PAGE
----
Restricted Stock

AAA

DEFINITION of 'Restricted Stock'

Unregistered shares of ownership in a corporation that are issued to corporate affiliates such as executives and directors. Restricted stock is nontransferable and must be traded in compliance with special SEC regulations. Also referred to as "letter stock" and "section 1244 stock," it typically becomes available for sale under a graded vesting schedule that lasts several years. 

INVESTOPEDIA EXPLAINS 'Restricted Stock'

Restricted stock became more popular in the mid-2000s as companies were required to expense stock-option grants. Insiders are given restricted stock after merger and acquisition activity, underwriting activity and affiliate ownership in order to prevent premature selling that might adversely affect the company. An executive may have to forfeit his or her restricted stock if he or she leaves the company, fails to meet corporate or personal performance goals or runs afoul of SEC trading restrictions. The SEC regulations that govern the trading of restricted stock are outlined under SEC Rule 144, which describes the registration and public trading of restricted stock and the limits on holding periods and volume.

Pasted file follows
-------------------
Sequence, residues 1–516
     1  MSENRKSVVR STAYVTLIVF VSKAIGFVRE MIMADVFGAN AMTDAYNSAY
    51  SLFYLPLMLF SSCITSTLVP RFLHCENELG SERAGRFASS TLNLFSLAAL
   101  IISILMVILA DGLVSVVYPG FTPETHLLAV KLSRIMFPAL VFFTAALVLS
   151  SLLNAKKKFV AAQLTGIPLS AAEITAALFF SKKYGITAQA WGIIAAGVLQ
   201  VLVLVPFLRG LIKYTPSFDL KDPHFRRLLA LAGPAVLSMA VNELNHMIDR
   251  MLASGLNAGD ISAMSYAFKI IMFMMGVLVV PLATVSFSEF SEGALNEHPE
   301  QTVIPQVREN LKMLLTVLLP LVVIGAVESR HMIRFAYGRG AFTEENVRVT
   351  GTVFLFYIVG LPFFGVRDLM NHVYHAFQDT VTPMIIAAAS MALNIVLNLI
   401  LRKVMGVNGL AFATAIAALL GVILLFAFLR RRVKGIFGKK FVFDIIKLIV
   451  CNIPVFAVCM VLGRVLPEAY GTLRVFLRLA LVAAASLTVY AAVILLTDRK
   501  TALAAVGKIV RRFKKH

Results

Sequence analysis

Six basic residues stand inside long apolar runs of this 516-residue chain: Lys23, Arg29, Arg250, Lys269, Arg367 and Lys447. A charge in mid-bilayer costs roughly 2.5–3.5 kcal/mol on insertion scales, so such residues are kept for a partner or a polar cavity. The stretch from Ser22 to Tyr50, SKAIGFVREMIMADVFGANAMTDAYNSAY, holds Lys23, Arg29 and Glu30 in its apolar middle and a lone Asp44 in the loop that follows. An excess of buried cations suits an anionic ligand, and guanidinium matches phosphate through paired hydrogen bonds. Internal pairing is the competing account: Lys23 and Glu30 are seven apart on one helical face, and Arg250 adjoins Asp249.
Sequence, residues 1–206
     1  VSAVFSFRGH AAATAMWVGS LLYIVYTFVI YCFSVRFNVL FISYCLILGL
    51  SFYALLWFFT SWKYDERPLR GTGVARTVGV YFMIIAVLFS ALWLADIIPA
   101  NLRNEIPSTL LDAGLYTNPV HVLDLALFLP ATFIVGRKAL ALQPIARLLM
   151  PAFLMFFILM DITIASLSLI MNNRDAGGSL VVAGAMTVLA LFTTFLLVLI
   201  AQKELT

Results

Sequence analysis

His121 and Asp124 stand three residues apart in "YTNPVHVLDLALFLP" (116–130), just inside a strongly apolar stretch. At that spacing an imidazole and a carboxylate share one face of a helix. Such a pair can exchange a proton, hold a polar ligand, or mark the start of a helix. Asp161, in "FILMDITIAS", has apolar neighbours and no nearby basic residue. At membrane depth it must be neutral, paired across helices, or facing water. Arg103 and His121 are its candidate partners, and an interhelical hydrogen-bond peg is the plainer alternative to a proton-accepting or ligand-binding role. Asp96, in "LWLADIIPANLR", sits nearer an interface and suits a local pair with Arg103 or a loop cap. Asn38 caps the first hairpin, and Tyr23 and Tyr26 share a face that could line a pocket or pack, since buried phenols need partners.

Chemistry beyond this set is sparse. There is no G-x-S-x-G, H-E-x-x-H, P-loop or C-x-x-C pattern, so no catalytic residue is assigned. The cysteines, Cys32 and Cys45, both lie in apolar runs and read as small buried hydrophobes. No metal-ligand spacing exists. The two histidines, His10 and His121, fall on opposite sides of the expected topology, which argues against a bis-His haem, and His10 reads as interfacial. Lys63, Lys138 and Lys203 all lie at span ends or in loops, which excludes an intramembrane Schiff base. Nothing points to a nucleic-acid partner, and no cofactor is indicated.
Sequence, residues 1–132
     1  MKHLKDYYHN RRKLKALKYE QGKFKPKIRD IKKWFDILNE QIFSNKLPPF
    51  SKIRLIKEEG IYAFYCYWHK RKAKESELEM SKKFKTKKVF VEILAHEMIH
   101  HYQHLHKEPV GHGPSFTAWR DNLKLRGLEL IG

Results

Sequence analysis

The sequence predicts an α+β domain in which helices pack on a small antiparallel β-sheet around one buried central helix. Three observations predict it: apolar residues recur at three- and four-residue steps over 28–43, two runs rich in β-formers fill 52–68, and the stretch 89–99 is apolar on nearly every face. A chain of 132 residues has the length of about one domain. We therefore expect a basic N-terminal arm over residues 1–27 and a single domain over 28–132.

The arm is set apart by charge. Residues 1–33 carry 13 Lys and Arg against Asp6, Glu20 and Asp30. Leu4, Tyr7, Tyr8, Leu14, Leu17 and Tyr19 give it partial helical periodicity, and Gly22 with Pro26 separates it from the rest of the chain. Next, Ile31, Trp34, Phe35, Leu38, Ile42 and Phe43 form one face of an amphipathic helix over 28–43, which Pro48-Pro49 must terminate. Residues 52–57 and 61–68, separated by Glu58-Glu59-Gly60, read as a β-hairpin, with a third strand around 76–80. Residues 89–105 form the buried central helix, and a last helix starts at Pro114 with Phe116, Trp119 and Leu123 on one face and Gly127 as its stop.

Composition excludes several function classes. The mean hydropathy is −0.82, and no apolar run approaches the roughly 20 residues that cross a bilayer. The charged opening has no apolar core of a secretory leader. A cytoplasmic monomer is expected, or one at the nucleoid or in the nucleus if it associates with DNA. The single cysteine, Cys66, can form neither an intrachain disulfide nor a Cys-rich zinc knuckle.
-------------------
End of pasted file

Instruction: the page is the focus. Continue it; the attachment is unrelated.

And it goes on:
The taxation of restricted stock, governed by Section 1244 of the Internal Revenue Code, is complex. Restricted stock holders pay tax on the capital gain or loss represented by the difference between the stock’s price on the date it vests and the date it is sold. In addition, restricted stock is taxable as ordinary income in the year it vests. The amount that must be declared as income is the stock’s fair market value on the vesting date minus its original exercise price. However, the restricted stock holder may do a Section 83(b) election, which lets him or her use the price on the grant date, not the vesting date, for the purposes of calculating ordinary income tax. The tax bill must be paid sooner in this case, but it may be substantially lower if the stock appreciates between the grant date and the vesting date. The risk of taking this election is that if the restricted stock holder leaves the company before the shares vest, the shares are forfeited and taxes already paid are not refunded.

VIDEO

RELATED TERMS
  1. Registration Right

    A right which entitles an investor who owns restricted stock ...
  2. Vesting

    The process by which employees accrue non-forfeitable rights ...
  3. Restricted Stock Unit

    Compensation offered by an employer to an employee in the form ...
  4. Section 1244 Stock

    A type of equity named after the portion of the Internal Revenue ...
  5. Forfeited Share

    A share in a company that the owner loses (forfeits) by failing ...
  6. Employee Stock Option - ESO

    A stock option granted to specified employees of a company. ESOs ...
RELATED FAQS
  1. What is the difference between a company's outstanding shares and its float?

    Understanding share counts, including outstanding shares relative to float, is an integral part of determining whether or ...
  2. What are unregistered securities or stocks?

    Before securities, like stocks, bonds and notes, can be offered for sale to the public, they first must be registered with ...